I’ve viewed Lincoln twice at this point. The bustling, crowded cast, as packed as that of a 1970s disaster movie and captained by an astounding Daniel Day-Lewis as Abraham Lincoln, doesn’t have one dud. Spotting Richmond and Petersburg locales, along with recognizable faces from our citizenry, makes for a somewhat distracting game of “I Spy," but at its entertaining best, Lincoln works as The West Wing set in the 19th century, mixed with the grit and mud of Deadwood. The trio of pollitical fixers hired to muscle through approval of the 13th Amendment to the Constitution (Tim Blake Nelson, John Hawkes and an almost-unrecognizable James Spader) stir up the majestic proceedings like antic process servers. They wheedle, cajole and outright bribe any representatives reluctant to add their names as sponsors to the effort to outlaw slavery. If Tommy Lee Jones' hurled vituperations as Rep. Thaddeus Stevens doesn't create an Insult Device, I'll be surprised.
I was equally impressed by the lush beauty created by cinematographer and frequent Spielberg collaborator Janusz Kaminiski — Schindler’s List and Saving Private Ryan are two notable titles under his belt. Spielberg has said that period paintings were consulted to create the look of Lincoln — take your bow, Thomas Eakins.
The White House interiors built within a former AMF bowling center in Hanover County looked convincing due to an artistic direction team that included Curt Beech (The Help, The Social Network, Star Trek). The John Williams score barely registered, but what I noticed owed a great deal to Aaron Copland’s Lincoln Portrait.
Spielberg’s endeavor to bring Lincoln to the screen began in 1999, before the lady that started this great big movie, historian Doris Kearns Goodwin, had even finished her 2005 book Team of Rivals: The Political Genius of Abraham Lincoln. The director enlisted Pulitzer Prize-winning playwright Tony Kushner to adapt the book, and during the arduous process, he may have yearned for the seven hours of his massive Angels in America series of stage plays. Lincoln, at more than two hours, is in part derived from the final 50 pages of Goodwin’s book. Spielberg doesn’t direct miniseries (though he's co-produced some notable entries in the form), but in some ways, I wish he’d made this the exception, because his bursting-at-the-seams film wants desperately to be at least two.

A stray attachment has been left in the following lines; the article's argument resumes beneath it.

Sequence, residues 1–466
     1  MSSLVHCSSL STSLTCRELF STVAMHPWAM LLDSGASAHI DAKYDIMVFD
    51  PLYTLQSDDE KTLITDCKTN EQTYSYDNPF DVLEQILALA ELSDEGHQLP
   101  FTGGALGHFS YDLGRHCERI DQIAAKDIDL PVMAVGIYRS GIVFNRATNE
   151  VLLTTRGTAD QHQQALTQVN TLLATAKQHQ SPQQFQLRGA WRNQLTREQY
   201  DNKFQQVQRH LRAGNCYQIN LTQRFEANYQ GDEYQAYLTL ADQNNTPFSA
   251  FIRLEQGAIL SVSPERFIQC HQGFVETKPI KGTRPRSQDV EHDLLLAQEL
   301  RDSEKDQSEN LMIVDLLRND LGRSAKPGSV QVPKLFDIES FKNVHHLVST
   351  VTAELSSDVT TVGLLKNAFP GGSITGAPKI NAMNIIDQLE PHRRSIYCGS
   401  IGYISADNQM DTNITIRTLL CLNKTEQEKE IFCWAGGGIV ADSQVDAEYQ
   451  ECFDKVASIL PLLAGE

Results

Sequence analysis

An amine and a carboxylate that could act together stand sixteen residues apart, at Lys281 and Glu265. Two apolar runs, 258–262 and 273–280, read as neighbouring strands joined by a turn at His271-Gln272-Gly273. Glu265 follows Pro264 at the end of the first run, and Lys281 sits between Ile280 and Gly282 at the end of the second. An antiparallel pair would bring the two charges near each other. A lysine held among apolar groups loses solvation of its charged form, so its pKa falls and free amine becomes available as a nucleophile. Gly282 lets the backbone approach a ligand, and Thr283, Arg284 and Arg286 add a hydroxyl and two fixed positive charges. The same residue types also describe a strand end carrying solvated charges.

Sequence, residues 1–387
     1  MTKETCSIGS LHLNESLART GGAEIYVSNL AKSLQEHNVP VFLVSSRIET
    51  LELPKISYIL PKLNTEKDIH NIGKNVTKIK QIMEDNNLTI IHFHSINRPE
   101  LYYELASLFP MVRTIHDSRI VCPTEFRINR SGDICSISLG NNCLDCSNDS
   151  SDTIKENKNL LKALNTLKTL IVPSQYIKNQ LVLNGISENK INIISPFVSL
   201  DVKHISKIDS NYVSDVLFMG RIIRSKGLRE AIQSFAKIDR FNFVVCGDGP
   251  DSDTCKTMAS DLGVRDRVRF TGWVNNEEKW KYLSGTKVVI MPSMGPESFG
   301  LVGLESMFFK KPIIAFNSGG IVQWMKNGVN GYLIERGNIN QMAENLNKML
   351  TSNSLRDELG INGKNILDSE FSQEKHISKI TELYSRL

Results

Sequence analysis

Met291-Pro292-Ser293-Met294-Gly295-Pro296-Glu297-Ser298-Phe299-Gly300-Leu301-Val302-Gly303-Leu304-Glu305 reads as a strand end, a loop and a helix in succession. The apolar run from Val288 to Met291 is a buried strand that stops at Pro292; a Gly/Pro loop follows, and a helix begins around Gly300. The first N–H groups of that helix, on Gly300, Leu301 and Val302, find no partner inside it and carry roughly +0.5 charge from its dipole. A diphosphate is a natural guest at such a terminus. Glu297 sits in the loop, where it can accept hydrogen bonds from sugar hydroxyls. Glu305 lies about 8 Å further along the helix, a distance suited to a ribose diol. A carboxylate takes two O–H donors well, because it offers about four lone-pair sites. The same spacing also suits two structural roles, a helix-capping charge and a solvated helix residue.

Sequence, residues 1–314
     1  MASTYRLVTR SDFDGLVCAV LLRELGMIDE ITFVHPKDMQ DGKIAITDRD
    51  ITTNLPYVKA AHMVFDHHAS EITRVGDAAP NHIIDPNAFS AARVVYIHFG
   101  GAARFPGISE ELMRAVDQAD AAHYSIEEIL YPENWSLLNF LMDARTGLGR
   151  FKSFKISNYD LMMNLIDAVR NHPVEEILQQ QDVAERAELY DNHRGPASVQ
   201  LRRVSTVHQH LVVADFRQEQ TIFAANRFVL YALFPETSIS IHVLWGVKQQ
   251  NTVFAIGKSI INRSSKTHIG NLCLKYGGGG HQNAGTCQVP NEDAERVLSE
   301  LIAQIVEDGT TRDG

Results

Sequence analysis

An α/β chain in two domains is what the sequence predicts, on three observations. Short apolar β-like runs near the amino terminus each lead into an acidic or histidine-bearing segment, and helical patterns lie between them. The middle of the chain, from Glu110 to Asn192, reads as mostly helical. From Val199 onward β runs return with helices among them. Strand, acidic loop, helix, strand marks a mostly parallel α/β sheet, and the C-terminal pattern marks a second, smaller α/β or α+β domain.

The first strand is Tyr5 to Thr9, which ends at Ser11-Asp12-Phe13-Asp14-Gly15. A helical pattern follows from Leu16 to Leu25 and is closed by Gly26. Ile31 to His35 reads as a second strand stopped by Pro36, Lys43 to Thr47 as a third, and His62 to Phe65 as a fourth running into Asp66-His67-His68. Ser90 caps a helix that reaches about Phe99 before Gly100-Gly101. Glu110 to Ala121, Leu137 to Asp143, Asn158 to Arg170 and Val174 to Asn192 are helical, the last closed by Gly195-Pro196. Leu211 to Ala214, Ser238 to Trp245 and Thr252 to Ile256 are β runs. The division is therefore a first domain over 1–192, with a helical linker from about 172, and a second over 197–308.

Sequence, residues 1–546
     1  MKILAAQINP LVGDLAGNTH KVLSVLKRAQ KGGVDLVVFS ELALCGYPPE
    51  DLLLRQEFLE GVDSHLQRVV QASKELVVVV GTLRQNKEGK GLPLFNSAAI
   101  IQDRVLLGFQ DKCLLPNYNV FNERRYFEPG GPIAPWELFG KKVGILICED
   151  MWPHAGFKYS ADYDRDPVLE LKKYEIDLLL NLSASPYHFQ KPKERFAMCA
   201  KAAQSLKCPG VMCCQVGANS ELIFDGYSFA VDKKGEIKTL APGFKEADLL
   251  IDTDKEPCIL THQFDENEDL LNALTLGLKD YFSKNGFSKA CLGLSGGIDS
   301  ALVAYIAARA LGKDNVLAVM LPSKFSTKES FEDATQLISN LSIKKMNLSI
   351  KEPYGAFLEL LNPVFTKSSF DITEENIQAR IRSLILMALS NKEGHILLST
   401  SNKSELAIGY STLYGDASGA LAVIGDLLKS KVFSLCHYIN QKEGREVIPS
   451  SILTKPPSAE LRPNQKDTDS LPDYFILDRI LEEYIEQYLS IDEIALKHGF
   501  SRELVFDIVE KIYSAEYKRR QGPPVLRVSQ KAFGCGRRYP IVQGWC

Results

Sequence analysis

Following a reception after the Second Inaugural's “malice toward none, charity for all” speech, former slave and revered abolitionist Frederick Douglass was almost physically removed from the White House due to a standing rule of banning people of color, “complying with an old custom,” Douglass later wrote.
Word passed to Lincoln caused Douglass to get ushered in amid the hundreds of whites gathered there, and Lincoln greeted him as a close friend. The two had previously conferred and corresponded. Lincoln wanted to know what Douglass thought of his speech. Douglass described it as a “sacred effort.” This scene embraces three pages in the Team of Rivals chapter before the one Spielberg and Kushner centered on. The Second Inaugural provides brackets to the film, but Douglass isn’t mentioned.
In Lincoln, part of the role fulfilled by Douglass in reality — advocating to Lincoln for black civil rights — goes to actor David Oyelowo as Corporal Ira Clark. Clark addresses the inequality of pay and promotions among blacks in the Union army and then finishes the halting recitation of the Gettysburg Address by two white soldiers. Vintage Spielberg, the scene is theatrically composed, though compared to the real incident with Douglass, it verges on hokey. Mary Lincoln’s “secret sharer,” her seamstress and confidante Elizabeth Keckly, is portrayed by Gloria Reuben, but no mention is made of Keckly’s efforts to aid and organize newly freed blacks in Washington, D.C.
Once the dramatic dénouement is reached with the 13th Amendment's passage, the last half hour of the film unfolds in broad, gorgeous strokes. Wider audiences outside Richmond may not realize that the burning city is supposed to be our town, and that retreating Confederates set a few blazes on purpose that winds whipped into a catastrophe.
The next day, Lincoln visited, holding the left hand of his son Tad (who has a significant role in the film). I get into all that here and here, and with Richmond National Battlefield Parks historian Mike Gorman in the current issue.
Finally, in one way, Lincoln is a buddy picture — the president and his secretary of state, William H. Seward, played with convivial, cigar-smoke-shrouded ease by David Strathairn. Day-Lewis and Strathairn bring a solid, warm chemistry to the relationship, but near the end of the film, Seward vanishes. In April 1865, he suffered injuries in a carriage accident, and while convalescing, he received terrible knife wounds when John WIlkes Booth accomplice Lewis Paine broke into his house. None of this is mentioned.
As always, truth trumps fiction, but the film, even for its faults, is worth seeing as an entertainment. You want the meaty stuff? Get Goodwin’s book.